« Reply #7 on: July 17, 2011, 08:17:38 pm »
As we're talking about strange LCD repairing, my tiny old phone Nokia 6030 fell many times to the ground, but once this was "fatal". The screen developed some permanently blue segments along the horizontal lines, in something like a "spot" boundary.
Since the screen was still readable, I continued using the phone as usual. I did nothing for trying to repair it, maye I jsut tried to press a bit, but with no immediate result. Slowly, the lines started to disappear, and in a couple of months the screen returned as when it was new.

Is there anyone who could explain this phenomenon?

BTW, I hope your stuck pixel will decide to move on! :)
One machine can do the work of fifty ordinary men. No machine can do the work of one extraordinary man. - Elbert Hubbard
 

Online Zero999

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Re: Stuck pixel massage - how does the science work?
« Reply #8 on: July 17, 2011, 08:32:18 pm »
As we're talking about strange LCD repairing, my tiny old phone Nokia 6030 fell many times to the ground, but once this was "fatal". The screen developed some permanently blue segments along the horizontal lines, in something like a "spot" boundary.
Since the screen was still readable, I continued using the phone as usual. I did nothing for trying to repair it, maye I jsut tried to press a bit, but with no immediate result. Slowly, the lines started to disappear, and in a couple of months the screen returned as when it was new.

Is there anyone who could explain this phenomenon?
The pixels on LCDs are connected by thin flexible PCBs which are just glued to the edge of the display. The knock caused one the connections to a row of pixels to be disconnected. It got better because over time the connection was remade by mechanical vibration causing the flexible PCB to return to the original position.
 

Online Mechatrommer

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Re: Stuck pixel massage - how does the science work?
« Reply #9 on: July 17, 2011, 11:18:06 pm »
i got funny story (at least its funny for me :P) my wife's handphone frequently got thrown by my kids, and one day the lcd broke to pieces inside, its like tree branch shape, and there's black marks along the broken lines everywhere is like got poured by water, my wife asked me to open up and wipe away all the "liquid" to fix it. the fact is, today i'm expecting for the replacement part lcd to arrive in post office. the broken lcd is already for months and see has been keep using that like that. she got broken lcd on previous hp, i tried to fix earlier and then my kids got the flexi cable lost, and then i got fed up until recently.

and recently i got my camera lcd peculiar symptom. when looking straight from the front everything fine, but when looking from some angle from the side, i saw a diagonal whitey thick lines going across from left corner to the bottom, still a mystery but since its ok from the front view, i'll just let it be like that. i wont fix it if its still usable. i have no luck with pixel massage unless if i want to broke more pixels by pushing so hard, in the end i just live with my 1 pixel dead of cheap price acer pc lcd monitor.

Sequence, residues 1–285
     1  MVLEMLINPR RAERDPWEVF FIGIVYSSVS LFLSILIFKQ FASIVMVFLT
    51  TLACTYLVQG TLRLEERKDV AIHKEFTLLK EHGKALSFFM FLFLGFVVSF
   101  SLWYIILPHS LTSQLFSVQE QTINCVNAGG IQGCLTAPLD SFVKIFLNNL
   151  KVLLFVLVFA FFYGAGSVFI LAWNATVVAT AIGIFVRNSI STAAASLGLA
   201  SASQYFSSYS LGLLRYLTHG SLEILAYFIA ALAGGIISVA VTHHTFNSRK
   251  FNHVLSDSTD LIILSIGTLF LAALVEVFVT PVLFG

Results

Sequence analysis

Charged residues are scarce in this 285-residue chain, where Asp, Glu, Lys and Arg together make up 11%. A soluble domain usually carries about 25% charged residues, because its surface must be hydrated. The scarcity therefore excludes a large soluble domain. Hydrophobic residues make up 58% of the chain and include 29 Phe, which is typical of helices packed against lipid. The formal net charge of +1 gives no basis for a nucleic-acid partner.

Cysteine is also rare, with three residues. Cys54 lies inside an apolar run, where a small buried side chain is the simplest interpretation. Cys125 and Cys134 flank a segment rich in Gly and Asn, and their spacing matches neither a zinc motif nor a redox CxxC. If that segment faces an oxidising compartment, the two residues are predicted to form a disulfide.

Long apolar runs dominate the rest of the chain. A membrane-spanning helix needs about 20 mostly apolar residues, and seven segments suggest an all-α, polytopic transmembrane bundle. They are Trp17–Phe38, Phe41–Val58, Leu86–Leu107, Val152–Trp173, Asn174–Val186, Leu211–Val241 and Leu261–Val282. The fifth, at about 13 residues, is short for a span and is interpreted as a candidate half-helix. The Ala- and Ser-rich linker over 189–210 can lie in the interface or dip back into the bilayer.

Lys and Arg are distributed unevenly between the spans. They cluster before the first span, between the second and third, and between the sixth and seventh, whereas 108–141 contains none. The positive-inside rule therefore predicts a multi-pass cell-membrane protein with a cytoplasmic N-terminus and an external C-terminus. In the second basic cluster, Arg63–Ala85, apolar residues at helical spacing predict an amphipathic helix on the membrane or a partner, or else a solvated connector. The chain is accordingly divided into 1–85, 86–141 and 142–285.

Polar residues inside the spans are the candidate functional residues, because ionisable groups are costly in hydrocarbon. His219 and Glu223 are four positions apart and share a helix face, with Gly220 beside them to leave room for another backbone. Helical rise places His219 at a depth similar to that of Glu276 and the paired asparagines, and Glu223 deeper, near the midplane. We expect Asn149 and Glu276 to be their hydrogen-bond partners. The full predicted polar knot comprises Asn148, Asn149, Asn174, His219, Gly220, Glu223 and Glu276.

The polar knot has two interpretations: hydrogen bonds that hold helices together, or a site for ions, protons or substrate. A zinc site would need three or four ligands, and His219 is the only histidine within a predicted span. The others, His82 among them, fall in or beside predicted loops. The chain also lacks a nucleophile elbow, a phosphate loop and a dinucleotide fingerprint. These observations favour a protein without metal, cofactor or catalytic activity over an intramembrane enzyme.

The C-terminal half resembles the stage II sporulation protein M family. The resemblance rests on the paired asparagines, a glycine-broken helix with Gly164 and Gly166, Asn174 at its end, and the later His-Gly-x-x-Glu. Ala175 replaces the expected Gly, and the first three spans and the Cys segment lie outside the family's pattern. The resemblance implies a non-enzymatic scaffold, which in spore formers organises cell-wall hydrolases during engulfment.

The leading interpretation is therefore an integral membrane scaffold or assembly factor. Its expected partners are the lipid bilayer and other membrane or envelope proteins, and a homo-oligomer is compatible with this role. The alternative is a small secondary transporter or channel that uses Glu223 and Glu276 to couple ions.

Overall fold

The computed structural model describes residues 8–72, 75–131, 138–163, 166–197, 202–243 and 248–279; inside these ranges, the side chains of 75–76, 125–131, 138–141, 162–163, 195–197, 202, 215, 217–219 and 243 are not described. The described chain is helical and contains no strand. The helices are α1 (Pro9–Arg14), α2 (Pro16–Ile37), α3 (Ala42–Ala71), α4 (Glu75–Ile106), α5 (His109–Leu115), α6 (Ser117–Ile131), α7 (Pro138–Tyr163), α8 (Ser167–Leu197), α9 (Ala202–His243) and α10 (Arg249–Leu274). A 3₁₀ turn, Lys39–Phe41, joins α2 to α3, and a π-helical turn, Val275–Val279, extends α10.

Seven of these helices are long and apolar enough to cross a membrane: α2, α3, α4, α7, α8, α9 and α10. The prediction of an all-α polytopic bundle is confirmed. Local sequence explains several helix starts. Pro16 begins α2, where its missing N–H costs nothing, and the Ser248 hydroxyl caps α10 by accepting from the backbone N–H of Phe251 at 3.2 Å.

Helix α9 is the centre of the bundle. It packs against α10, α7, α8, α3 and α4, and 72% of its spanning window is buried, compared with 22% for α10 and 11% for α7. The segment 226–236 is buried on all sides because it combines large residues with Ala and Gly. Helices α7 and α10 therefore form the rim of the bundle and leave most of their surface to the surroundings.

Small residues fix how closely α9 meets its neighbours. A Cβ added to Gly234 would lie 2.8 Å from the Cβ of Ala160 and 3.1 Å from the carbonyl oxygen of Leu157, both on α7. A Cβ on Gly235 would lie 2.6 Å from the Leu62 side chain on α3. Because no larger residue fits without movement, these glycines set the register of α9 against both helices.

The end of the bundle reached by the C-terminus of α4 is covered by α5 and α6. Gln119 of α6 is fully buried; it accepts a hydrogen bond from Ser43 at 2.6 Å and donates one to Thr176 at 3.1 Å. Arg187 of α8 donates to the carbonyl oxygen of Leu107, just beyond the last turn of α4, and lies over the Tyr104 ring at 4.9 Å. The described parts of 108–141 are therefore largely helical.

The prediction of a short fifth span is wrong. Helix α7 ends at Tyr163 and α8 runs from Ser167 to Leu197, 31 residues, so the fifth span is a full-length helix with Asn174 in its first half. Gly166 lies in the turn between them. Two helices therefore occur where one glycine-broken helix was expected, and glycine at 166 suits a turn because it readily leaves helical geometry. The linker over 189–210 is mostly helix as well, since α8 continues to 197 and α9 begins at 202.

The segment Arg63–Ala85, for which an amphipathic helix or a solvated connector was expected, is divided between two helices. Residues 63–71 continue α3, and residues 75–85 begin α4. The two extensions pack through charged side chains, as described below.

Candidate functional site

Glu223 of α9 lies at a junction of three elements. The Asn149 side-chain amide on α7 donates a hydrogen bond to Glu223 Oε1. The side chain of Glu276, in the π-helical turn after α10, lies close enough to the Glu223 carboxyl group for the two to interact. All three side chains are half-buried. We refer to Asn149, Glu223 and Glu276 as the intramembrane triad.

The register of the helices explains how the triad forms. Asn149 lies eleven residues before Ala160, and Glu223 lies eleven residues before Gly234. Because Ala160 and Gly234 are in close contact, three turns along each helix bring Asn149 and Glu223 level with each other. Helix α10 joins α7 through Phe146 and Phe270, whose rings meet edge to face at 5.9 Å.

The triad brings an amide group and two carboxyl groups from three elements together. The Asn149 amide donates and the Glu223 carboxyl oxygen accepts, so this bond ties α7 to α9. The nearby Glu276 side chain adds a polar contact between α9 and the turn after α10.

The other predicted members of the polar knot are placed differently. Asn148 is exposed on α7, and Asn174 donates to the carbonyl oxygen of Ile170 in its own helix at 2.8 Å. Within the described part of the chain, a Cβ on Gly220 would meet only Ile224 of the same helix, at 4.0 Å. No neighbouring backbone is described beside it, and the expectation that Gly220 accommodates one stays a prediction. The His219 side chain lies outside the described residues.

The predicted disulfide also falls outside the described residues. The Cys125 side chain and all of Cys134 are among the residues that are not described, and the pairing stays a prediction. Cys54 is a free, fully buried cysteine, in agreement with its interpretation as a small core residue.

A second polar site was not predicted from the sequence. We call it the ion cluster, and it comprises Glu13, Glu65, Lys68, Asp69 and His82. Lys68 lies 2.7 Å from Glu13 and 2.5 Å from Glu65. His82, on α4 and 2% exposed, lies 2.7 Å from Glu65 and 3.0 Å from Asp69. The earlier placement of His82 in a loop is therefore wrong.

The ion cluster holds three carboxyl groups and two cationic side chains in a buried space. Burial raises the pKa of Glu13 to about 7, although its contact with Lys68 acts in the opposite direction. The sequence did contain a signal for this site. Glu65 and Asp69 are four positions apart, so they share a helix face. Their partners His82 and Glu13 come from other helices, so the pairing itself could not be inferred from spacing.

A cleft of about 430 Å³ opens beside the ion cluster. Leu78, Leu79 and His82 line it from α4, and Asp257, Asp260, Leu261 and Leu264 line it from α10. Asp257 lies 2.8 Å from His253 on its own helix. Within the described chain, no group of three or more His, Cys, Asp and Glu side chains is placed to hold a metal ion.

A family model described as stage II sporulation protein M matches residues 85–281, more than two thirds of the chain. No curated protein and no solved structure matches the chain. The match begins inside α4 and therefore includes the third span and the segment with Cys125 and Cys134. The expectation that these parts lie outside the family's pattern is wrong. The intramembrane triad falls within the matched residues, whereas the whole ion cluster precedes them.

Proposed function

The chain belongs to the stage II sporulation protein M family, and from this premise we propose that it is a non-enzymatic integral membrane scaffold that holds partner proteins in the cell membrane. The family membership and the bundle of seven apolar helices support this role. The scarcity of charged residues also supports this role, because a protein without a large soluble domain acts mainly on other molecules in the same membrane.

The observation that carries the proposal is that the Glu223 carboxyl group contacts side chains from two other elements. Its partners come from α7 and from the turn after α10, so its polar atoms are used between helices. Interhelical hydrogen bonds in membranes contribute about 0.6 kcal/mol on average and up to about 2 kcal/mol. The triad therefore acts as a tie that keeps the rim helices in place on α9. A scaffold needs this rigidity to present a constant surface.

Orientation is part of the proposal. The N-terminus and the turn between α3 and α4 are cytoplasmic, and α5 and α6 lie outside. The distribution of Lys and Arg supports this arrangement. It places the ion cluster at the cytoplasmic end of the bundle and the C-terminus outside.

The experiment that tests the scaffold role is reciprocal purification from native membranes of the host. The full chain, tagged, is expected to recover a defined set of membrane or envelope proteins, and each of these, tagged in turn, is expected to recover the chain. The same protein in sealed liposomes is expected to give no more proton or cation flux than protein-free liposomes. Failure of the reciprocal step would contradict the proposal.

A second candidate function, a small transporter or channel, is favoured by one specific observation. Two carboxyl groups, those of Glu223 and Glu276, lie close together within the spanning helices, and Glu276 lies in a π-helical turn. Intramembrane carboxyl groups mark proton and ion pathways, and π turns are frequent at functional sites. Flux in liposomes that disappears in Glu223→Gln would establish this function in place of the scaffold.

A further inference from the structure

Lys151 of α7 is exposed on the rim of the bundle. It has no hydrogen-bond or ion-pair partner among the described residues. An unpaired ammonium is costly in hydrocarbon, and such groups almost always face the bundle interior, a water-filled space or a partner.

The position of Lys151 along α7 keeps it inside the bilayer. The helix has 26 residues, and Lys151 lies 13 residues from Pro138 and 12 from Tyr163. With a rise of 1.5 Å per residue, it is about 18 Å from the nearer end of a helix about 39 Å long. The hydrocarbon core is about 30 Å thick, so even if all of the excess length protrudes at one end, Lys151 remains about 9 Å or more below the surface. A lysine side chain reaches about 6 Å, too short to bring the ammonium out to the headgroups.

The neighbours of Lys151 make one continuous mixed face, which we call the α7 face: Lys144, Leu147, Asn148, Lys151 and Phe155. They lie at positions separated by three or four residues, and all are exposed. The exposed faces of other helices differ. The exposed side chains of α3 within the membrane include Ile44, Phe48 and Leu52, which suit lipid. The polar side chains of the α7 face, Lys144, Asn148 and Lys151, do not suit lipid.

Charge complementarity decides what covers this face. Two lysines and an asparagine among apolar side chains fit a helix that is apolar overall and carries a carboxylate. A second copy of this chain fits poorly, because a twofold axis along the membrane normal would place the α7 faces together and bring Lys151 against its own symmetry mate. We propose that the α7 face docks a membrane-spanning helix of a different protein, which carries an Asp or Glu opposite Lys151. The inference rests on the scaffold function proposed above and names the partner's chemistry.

if something can select, how cant it be intelligent? if something is intelligent, how cant it exist?
 

Offline scrat

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Re: Stuck pixel massage - how does the science work?
« Reply #10 on: July 18, 2011, 07:47:18 am »
As we're talking about strange LCD repairing, my tiny old phone Nokia 6030 fell many times to the ground, but once this was "fatal". The screen developed some permanently blue segments along the horizontal lines, in something like a "spot" boundary.
Since the screen was still readable, I continued using the phone as usual. I did nothing for trying to repair it, maye I jsut tried to press a bit, but with no immediate result. Slowly, the lines started to disappear, and in a couple of months the screen returned as when it was new.

Is there anyone who could explain this phenomenon?
The pixels on LCDs are connected by thin flexible PCBs which are just glued to the edge of the display. The knock caused one the connections to a row of pixels to be disconnected. It got better because over time the connection was remade by mechanical vibration causing the flexible PCB to return to the original position.

Maybe your explanation is still good, but I think I was not able to describe very well the fact... The damaged rows were not completely blue, just some segments, and moreover there were pixels which were only partially more blue than the others. It was something like a liquid spead on the internal glass layer, making a spot on which "boundary" the blue segments were laying. If I could draw it, it would be a lot more easy to explain...
One machine can do the work of fifty ordinary men. No machine can do the work of one extraordinary man. - Elbert Hubbard
 

Online Fraser

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Re: Stuck pixel massage - how does the science work?
« Reply #11 on: July 18, 2011, 11:34:35 pm »
I can report that I have had success massaging a stuck pixel on my NEC Multisync LCD1750. I wasn't even aware of the technique but got fed up with a constant red dot in my line of sight. I pressed on the area directly over the stuck pixel and after a few presses it came good and has worked fine for the past 3 years without any re-occurance. As has been stated, I believe this to have been a case of a poor connection to a TFT cell that was remedied by physical movement (the pressure from my finger).